Copyright © Louis Schmier
Date: Fri 9/23/2005 2:04 AM
"It" happened almost eight months ago. I don't know why I suddenly remembered it on my walk this morning, but I did. Maybe thoughts of Maimonides' Ladder of Tsedaka are still lingering in my mind. Maybe it was my President's sincerely humble "thank you" to those attending his session in which he discussed the art of art displayed in his one-man, making me, as well as others present, know our attendance was meaningful to him. Maybe it was the non-traditional student who stomped into my office earlier in the week like a snarling grizzly bear whose cubs had been threatened after a being treated "by that **@($% professor like I was a piece of low-life nothing to him."
Anyway, it was the end of January, only a couple days after the surgery that removed my cancerous prostate. There I was, lying uncomfortable in a hospital bed, making a dear friend of the comforting morphine pump, not wild about the less-than-friendly catheter in me, looking like an animated zipper, and certainly not looking forward to my first full hospital meal.
In comes the quiet, sour-faced hospital attendant delivering my meal. She reminded me more of a care taker than a care giver. I saw hanged-necked vultures on her shoulders instead of loving doves. And, I would just not have it.
"Smile," I smiled in the near-whispered tone of a near-plea.
"I don't feel like smiling. I'm having a bad morning," she sharply replied as she less than gently plopped the tray down.
"You're having a bad morning? What do you think my morning is like after they cut me from my belly button to my penis, took out my cancerous prostate, and stuck this catheter in me? I'm not pushing this button on the morphine pump to build up my thumb muscles." I softly said and then broadened my smile, "I'm facing incontinence and impotence when I get out here. And you're having a bad morning? This morning I need a smile from you and a soft 'hello' and a 'how are you feeling today.' You're a care giver. Care. Give me some caring. You'll be doing something important for me. It'll help."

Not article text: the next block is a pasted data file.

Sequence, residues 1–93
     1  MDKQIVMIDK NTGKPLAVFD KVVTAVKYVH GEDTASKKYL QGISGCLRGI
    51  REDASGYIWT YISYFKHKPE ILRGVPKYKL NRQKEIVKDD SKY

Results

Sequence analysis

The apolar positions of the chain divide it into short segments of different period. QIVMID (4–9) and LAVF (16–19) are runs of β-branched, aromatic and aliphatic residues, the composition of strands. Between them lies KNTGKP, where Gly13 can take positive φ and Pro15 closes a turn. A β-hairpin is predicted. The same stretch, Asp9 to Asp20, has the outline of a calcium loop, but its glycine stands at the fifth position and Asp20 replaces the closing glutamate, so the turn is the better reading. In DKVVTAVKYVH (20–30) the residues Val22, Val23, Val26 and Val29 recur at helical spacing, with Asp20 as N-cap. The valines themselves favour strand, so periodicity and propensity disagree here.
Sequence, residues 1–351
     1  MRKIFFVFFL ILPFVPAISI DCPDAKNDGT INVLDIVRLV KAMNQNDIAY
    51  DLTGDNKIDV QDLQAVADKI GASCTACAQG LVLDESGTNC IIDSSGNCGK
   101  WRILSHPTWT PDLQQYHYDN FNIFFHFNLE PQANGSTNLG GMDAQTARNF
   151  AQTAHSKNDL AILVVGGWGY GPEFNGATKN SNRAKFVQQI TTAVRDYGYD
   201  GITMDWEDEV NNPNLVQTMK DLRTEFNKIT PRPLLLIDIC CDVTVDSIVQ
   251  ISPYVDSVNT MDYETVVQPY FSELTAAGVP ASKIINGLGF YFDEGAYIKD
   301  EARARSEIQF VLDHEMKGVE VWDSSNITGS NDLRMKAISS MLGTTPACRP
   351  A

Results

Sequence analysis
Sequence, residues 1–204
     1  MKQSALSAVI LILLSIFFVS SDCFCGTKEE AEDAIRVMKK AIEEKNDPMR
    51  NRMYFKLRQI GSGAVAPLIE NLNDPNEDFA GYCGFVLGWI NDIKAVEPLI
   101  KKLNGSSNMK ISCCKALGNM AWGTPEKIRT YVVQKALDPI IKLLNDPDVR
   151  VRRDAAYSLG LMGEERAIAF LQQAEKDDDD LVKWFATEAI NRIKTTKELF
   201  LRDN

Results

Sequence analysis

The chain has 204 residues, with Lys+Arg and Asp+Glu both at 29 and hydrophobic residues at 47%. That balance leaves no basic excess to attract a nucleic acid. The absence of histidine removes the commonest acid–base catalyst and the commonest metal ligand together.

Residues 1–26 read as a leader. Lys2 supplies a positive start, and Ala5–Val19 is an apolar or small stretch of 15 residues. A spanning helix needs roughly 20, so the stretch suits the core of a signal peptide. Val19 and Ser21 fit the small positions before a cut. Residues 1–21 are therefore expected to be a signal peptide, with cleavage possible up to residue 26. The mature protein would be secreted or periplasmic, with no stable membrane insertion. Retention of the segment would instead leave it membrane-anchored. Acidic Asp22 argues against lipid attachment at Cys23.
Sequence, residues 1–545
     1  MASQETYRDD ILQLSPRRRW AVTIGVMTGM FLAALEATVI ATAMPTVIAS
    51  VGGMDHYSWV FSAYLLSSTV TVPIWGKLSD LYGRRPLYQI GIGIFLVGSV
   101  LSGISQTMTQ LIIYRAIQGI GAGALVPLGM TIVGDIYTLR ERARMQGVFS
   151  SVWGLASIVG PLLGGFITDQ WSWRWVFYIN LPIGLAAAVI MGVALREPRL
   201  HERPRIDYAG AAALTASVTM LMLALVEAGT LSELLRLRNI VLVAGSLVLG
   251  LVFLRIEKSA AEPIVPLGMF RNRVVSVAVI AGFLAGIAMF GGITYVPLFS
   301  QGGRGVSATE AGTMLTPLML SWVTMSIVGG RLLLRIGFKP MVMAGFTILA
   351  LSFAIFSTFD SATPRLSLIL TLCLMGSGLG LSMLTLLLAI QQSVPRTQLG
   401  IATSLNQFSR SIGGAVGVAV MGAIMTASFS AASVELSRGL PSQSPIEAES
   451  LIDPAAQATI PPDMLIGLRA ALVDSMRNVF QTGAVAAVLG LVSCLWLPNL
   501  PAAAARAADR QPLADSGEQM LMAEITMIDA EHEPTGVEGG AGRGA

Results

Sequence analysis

She hesitated and looked at me as if I had broken her out from some dark trance of unworthiness. A quizzical look appeared on her face. "Me? A care giver? I'm just servin' meals." she asked incredulously but obviously wanting to believe. "I ain't nothin'."
Boy, did my antennae shoot up! "No you're not. You're something. Anyone who comes into this room to do anything to take care of this room and me is a care taker who is important for my recovery. So, how about a smile and something nice to say."
She looked at me. Smiled. And then said with a warmth and sincerity, "I'm sorry. You're right. Hope you're feeling better today." She came over to my bed, softly touch my hand that was punctured by a IV, "I guess I needed to hear that I could help you today. It makes me feel good. You just kinda healed me. Thank you."
"That makes two of us," I said with a return smile. "We each did a little act of kindness for each other. I made you smile and feel better, and you smiled and made me feel better. You know, every time we show we care about someone we feel we're worth something. And, I don't care what anyone says or thinks. Don't feel there's something wrong with you. There's nothing 'nothing' about what you're doing. What you're doing is important. Every caring smile is important."
"That's true, sure enough," she replied as a tear swelled in her eye. "I'd like to tell someone that."
"Healed? You? Me? Tell someone?" I asked as I caught on. It was obvious that she was struggling with feelings of not being good enough, smart enough, and deserving enough. We talked for a few minutes. It seemed her supervisor had just treated her in a way that had reduced her from a sacred person to a deficient staff member and had minimized her task to a menial level of insignificance.